Outside the Box: Why getting an annuity from your 410(k) is a terrible idea

This post was originally published on this site

A bill working its way through Congress promises to solve the problem of retirement income for millions of Americans who have 401(k) plans at work.

I see a big red flag, however. The solution coming from Congress is to allow 401(k) plans to offer annuities, by far the most needlessly expensive way to do that.

Called the SECURE Act (Setting Every Community Up for Retirement Enhancement), the bill has some good things going for it.

The bill proposes to move the start of required minimum distributions to age 72 from the current 70½. It also removes the age cap on contributions, so anyone who chooses to work longer can save longer, too. Another change would help people in small companies join 401(k) plans.

But annuities? Really?

The basic idea of an annuity is appealing. It’s a life insurance contract in reverse. Rather than collect a premium and bet you are unlikely to die early, the insurance company takes your savings, invests it and bets that you won’t outlive a specific date.

Die early, they win. Die on time, it’s a draw. Beat the clock and you win. Of course, we’re talking about an insurance company, so they know what age to pick better than you do.

Far too much in fees

If you truly don’t want to think about investments as you get older, an annuity seems to solve a real problem. Instead of worrying about how much to withdraw year by year you just get a check.

Add to that your pension and Social Security payouts and you’re set, right?

Not really. The problem with annuities is that people pay far too much in fees to buy them. The commissioned salesperson, for one, gets a fat chunk of your cash for getting you to sign the contract — often as much as 8% or more of your lifetime savings.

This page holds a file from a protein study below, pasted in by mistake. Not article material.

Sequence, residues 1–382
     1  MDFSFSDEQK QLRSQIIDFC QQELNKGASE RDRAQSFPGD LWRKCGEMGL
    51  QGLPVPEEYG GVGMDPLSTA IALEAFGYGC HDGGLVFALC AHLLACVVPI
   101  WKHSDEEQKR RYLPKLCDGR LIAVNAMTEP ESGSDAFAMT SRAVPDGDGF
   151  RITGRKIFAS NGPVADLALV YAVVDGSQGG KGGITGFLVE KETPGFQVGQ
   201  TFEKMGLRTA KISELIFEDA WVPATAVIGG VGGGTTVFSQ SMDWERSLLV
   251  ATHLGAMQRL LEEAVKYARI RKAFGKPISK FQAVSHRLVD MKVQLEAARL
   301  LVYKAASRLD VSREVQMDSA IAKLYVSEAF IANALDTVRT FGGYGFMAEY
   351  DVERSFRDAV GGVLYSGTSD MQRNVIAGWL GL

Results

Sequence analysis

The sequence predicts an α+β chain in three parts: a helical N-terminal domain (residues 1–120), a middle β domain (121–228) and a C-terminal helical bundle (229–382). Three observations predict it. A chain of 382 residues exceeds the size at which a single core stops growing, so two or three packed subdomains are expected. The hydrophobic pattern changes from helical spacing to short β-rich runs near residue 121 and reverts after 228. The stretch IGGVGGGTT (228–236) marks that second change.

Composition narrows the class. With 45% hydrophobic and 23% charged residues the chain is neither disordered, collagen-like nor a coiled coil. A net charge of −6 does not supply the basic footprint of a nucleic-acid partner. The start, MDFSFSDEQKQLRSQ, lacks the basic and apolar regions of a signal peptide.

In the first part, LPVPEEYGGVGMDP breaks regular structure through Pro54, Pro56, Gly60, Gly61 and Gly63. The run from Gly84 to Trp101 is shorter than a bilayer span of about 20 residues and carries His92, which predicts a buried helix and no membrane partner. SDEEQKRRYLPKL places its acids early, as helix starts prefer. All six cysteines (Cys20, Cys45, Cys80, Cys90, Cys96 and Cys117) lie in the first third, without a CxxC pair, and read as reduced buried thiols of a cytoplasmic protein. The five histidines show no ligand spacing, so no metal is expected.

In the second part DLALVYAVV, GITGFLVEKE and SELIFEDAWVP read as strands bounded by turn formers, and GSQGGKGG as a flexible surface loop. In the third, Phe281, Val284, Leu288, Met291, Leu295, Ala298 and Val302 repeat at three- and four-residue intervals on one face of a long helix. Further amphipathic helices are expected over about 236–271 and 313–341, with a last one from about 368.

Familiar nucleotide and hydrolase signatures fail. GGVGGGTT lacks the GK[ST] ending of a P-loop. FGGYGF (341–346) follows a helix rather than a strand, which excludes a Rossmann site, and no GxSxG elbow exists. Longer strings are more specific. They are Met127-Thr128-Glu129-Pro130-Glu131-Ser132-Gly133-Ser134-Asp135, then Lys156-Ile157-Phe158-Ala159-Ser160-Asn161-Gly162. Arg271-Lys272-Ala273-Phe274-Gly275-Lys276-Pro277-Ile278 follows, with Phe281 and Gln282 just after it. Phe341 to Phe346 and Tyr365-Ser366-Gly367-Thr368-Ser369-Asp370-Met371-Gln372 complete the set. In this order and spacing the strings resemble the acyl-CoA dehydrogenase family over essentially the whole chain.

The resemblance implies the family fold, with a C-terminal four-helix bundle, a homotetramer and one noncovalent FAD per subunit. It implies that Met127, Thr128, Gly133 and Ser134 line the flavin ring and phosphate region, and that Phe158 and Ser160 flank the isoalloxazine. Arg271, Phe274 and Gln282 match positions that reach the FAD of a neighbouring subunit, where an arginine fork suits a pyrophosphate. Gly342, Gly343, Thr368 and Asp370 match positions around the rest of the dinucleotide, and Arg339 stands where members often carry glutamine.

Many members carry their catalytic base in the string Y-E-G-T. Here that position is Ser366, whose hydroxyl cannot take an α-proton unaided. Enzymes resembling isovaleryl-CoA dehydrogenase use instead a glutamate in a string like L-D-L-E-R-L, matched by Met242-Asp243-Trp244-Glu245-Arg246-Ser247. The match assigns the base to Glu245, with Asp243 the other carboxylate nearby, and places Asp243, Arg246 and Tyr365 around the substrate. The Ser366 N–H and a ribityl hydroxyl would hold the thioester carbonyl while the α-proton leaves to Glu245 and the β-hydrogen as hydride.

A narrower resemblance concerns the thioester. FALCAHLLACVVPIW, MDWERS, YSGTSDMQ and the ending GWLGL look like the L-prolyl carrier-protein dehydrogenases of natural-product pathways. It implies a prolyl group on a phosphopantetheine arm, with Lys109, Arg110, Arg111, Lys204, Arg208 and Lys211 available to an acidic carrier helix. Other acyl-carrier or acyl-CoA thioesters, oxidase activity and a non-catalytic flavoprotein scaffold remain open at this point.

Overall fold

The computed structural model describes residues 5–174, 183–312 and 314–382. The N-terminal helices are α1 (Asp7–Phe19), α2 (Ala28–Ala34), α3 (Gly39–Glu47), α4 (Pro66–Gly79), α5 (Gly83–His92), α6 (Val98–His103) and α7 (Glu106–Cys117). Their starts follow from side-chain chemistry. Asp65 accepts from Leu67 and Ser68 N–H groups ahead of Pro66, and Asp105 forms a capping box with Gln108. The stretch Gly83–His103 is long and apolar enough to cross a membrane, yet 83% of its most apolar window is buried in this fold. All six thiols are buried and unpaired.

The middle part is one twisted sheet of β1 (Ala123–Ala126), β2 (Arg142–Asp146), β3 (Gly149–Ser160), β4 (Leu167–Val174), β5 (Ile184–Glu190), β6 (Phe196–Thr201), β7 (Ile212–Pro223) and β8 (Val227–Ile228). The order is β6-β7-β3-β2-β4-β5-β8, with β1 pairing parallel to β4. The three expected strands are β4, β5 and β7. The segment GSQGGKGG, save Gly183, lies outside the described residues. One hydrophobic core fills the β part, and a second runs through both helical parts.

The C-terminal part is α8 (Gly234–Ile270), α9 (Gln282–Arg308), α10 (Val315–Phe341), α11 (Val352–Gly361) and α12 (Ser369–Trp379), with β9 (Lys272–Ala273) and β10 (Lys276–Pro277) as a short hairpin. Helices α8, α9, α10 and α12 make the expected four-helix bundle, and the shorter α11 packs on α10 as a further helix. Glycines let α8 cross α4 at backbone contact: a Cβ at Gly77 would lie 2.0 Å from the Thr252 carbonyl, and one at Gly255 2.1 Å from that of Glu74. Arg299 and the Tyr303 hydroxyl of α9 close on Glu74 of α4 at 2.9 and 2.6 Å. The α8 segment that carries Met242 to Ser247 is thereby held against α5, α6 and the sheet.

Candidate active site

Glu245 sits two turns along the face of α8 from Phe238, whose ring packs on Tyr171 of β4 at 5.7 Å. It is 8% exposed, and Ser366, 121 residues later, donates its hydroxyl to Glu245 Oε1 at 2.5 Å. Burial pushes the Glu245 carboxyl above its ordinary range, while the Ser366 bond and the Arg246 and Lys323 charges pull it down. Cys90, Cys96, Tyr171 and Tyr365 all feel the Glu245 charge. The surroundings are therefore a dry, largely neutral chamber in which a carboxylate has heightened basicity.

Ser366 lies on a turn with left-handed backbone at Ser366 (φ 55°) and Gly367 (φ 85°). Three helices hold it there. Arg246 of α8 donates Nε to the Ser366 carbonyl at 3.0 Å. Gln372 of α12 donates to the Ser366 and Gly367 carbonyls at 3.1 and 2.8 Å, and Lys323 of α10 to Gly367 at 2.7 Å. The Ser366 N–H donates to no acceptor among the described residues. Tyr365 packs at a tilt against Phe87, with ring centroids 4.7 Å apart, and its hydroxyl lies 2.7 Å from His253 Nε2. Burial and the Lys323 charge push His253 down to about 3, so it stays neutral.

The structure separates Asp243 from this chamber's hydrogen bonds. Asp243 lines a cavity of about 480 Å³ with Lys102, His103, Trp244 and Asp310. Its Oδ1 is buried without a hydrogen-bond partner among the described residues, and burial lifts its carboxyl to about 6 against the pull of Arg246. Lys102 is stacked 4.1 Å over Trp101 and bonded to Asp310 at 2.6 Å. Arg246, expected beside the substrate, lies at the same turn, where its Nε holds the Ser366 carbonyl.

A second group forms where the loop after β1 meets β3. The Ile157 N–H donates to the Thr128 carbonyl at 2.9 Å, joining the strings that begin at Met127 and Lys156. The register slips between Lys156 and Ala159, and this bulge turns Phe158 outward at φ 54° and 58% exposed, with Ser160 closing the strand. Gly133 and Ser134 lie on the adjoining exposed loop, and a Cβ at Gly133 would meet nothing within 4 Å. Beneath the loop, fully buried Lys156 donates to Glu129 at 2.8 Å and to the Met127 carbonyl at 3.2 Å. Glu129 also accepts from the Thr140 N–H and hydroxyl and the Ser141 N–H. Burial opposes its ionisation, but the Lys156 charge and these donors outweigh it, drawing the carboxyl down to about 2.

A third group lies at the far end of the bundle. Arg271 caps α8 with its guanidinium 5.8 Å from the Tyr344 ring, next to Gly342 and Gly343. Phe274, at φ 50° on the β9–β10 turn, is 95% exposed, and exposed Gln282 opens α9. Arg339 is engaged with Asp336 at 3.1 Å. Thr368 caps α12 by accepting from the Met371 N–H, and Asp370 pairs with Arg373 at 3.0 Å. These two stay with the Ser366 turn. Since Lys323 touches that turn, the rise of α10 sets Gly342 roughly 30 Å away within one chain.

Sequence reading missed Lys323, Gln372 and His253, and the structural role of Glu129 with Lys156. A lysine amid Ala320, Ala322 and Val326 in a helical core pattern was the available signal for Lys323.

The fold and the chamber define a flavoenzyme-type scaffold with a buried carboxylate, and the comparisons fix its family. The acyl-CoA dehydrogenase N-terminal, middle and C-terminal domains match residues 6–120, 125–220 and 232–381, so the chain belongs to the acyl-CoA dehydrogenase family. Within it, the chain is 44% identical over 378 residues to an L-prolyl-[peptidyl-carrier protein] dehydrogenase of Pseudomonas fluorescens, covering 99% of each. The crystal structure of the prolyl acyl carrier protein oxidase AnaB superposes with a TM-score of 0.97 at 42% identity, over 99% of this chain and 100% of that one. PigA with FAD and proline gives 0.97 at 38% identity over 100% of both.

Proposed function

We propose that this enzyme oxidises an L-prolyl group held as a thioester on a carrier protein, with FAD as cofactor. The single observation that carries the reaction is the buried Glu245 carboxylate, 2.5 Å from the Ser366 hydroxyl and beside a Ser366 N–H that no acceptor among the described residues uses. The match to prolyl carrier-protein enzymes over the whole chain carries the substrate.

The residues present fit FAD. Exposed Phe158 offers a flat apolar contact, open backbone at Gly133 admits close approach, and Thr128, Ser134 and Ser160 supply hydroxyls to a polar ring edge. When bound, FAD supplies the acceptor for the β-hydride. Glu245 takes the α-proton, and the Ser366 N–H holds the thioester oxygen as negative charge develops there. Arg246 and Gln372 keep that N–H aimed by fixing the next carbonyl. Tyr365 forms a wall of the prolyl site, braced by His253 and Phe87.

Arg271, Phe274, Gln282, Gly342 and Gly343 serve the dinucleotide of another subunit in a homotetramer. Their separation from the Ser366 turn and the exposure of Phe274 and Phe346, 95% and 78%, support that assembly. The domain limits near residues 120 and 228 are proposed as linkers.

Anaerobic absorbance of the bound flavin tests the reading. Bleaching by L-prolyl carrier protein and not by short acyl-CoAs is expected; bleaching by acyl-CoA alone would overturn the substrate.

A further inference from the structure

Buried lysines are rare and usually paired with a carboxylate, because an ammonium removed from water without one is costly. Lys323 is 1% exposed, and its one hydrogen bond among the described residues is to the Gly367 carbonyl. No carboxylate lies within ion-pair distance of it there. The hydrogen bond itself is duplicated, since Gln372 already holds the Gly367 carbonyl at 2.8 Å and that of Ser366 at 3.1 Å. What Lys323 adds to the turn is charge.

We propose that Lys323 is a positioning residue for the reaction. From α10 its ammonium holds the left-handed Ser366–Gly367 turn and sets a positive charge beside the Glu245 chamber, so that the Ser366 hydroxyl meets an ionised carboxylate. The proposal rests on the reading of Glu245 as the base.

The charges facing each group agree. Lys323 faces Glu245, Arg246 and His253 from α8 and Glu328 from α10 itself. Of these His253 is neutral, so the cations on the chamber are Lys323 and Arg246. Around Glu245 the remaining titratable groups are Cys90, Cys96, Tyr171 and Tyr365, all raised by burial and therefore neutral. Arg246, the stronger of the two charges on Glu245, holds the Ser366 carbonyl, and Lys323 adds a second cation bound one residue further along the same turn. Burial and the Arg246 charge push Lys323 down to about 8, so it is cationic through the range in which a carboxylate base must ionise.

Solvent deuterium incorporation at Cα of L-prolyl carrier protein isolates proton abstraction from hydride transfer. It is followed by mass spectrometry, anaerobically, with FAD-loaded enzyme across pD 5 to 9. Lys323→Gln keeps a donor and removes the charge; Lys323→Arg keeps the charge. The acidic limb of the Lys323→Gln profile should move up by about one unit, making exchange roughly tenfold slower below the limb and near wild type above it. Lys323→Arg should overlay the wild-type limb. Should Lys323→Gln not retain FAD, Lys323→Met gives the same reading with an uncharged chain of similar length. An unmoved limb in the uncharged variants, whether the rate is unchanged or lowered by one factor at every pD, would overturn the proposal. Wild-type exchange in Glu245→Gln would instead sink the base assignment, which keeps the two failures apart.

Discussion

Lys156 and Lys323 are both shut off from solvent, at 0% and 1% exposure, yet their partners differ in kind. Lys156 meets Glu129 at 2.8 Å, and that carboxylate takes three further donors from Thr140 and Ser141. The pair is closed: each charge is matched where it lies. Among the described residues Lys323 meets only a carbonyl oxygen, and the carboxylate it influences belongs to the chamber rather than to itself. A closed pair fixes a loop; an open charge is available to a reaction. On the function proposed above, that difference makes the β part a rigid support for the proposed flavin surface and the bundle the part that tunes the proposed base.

The annuity salesperson will claim they don’t get your money. And your invested balance will appear to be whole in the first statement. But, believe me, they get paid and it comes out of your hide, not the insurance company.

That kind of hit to your 401(k) is very hard to overcome through investing alone. The fees continue, of course. The insurance company takes its piece year after year, plus there’s the cost of expensive actively managed funds and even more fees that ride along in the contract.

Ever try to cancel cable? Talk your way out of a timeshare? A similar thing happens with annuities, only worse. If you choose to cancel your annuity in the first five to 10 years the “surrender charges” are enormous, between 5% and 10% of your money.

Fine print no human can read

Here’s the thing: Insurance companies are invested in the same stock and bond markets as everyone else. If a portfolio returns 8%, by design you must get less — usually far less — to keep the insurer and the salesperson in business.

If the annuities sellers get their claws into the 401(k) market like they want, many millions of innocent Americans will sign over their balances for that they think is peace of mind. A few years in many will realize their mistake and try to get out, only to learn about surrender charges. It’s a contract with a massive disincentive to leave.

The better route is to roll over your 401(k) into an IRA and get the solid investment return you deserve while dramatically lowering fees. If you need help creating a retirement paycheck, that’s what a financial planner does.

It’s just common sense to lower your cost of investment while avoiding lifetime contracts crammed with fine print no human can read.

If you have a 401(k) and find yourself near retirement, go ahead and listen to the annuity pitch. Then take that offer to a fiduciary investment adviser and financial planner.

No fiduciary adviser will ever breathe a word to you about a contract.